People are not pawns to be traded in some game. Our young people should have the same opportunities to work, study and travel abroad as I, and many others, have enjoyed.
Martin Veart, Liberal Democrat candidate for Edinburgh North and Leith, identifies housing, health and education, as local priorities in his answers to the Leith Open Space #onlinehustings: five questions for our five candidates.
Q1. What are the most important issues for people in the constituency? Name, perhaps, three.
Like most places, the major concerns of Edinburgh North and Leith are health, housing and education. With housing, we need about 5,000 new houses city-wide. I know folk who work in the city but cannot afford to live here. Young people can no longer afford to get on the property ladder and homelessness is increasing. What housing there is, is often old and needs upgrading, that would both save energy (cutting CO2 output) and save people money on their bills.
With health care, our GP services are under increasing strain and we need to ensure that new housing sees an increase in medical services. We have many elderly people that require better care in their own homes but instead these services are being cut.
Likewise education: college places have been cut across Scotland. Although there has been a rise in full-time courses aimed at the 18-25 year age group, many part-time places has been cut, effectively ending Scotland’s tradition of life-long learning.
Q2. How would you use your seat in Westminster to address local issues, using powers not held by the Scottish Parliament?
Theresa May called this election to gain support for her vision of an uncompromising departure from the European Union – the so-called “hard Brexit.” Edinburgh is a welcoming and international-facing city with the vast majority of us voting to stay with the EU. I am standing to oppose the Brexiteers’ vision of an isolated Britain and the SNP vision of a divided UK.
Regardless of what happens in the future, it does not make sense for Scotland to have barriers with either the rest of the United Kingdom or the European Union. Liberal Democrats would protect the rights of Scottish people to work and live across the EU and the rights of the EU citizens already here. People are not pawns to be traded in some game. Our young people should have the same opportunities to work, study and travel abroad as I, and many others, have enjoyed.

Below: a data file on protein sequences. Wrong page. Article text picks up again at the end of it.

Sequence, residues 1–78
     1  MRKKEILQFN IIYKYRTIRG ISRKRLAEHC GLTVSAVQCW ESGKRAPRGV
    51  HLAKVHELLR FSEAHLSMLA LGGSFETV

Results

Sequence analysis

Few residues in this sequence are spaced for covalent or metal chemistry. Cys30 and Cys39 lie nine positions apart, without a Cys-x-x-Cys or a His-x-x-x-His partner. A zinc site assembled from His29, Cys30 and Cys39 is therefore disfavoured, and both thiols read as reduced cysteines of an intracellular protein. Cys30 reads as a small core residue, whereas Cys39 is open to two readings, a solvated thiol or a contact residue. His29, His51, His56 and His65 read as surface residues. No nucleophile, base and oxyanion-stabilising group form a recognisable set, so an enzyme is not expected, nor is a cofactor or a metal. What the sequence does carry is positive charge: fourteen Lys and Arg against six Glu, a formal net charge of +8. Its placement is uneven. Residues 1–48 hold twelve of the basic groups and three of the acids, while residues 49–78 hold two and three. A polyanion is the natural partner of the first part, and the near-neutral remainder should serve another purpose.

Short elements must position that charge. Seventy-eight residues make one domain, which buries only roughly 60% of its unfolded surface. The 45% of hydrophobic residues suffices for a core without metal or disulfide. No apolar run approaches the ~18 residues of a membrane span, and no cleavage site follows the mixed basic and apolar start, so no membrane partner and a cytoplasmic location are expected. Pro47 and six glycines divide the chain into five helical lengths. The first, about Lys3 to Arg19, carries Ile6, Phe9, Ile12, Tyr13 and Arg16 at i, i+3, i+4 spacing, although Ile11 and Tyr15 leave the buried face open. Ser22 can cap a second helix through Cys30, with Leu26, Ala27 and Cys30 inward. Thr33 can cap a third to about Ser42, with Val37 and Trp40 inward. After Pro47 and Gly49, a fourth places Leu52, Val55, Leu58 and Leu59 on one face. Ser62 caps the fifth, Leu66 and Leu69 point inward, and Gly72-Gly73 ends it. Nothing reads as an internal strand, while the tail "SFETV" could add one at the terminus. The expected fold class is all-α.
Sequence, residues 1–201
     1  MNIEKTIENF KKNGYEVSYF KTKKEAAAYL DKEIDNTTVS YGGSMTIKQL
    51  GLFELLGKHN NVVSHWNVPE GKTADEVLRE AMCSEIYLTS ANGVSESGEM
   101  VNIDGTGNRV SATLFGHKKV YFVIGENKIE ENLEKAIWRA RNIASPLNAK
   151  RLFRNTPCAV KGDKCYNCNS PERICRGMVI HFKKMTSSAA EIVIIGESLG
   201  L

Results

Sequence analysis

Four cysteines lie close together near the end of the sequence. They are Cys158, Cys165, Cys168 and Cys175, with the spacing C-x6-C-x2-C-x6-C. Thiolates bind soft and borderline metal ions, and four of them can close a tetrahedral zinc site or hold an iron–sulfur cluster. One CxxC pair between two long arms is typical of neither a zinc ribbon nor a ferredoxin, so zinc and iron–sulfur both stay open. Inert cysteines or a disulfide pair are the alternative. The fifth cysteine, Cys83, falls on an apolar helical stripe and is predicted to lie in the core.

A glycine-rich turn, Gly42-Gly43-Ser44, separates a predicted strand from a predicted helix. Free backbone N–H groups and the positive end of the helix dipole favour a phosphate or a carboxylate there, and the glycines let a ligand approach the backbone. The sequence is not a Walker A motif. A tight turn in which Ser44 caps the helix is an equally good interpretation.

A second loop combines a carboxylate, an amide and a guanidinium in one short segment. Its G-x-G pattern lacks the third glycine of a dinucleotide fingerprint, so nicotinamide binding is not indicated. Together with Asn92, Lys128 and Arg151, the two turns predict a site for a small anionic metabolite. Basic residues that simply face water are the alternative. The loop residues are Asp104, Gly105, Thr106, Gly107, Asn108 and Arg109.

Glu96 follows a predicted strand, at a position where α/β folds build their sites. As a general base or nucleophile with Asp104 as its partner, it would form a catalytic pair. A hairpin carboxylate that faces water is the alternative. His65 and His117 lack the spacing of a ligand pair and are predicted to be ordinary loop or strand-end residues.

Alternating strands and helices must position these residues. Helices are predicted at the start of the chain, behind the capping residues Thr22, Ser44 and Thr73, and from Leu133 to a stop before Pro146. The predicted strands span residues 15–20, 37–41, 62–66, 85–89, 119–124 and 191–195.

The Liberal Democrat commitment to raise income tax by a penny, and ring-fence that for spending on the NHS, will see more money delivered for Scotland overall. Unlike other parties, our spending plans are costed and realistic.
Q3. What or who motivated you to become a politician – were you inspired by anyone in particular and if so what did you admire about them?
There are two reactions to trouble: duck for cover or stand up and tackle the problem. A lot of people in politics, regardless of party, react in the latter way. You see something wrong: you want to fix it.
I guess my political awareness started early but formed when I became aware of the disjoint between what is said and what is delivered. Britain is a pretty good place to live – believe me I have seen a lot worse – but also we could do a lot better for people. Just look towards our near neighbours in northern Europe. We can start the process right now with the powers available to us. Why wait?
As for heroes? No, I don’t do heroes. Everybody has strong points and weaknesses. I admire humanity as we are and, outside the movies, I don’t look for super people. We all have the potential to do remarkable things.
Q4. Being an MP is a hugely demanding job, how do you like to unwind, relax and recharge your batteries?
Spare time? Asking about that in the middle of an election and that seems like a distant memory. Beyond studies and family responsibilities, I like to travel (when I can afford it), country walking, and I have joined the local rowing club which, I hope, will become a regular thing for the weekends. I confess I am a sucker for some Ch4 television shows: First Dates and Gogglebox being particular vices.
Q5. Can you share with us a quotation from a favourite poem or song?
Songs. Perfect Day by Lou Reed means a lot to me. It is a song so full of sadness, of yearning and lost innocence. The beauty of moments that can only be preserved in memory. It also contains a warning that all in public life would do well to remember:
“You’re going to reap what you sow.”
I think that if we encourage people to think, to act upon evidence and have confidence in themselves, we have a chance of reaping good things in the future.
Contact Martin Veart. Twitter @Martin_Veart. Facebook page HERE
Featured image, Martin Veart photograph, Scottish Liberal Democrats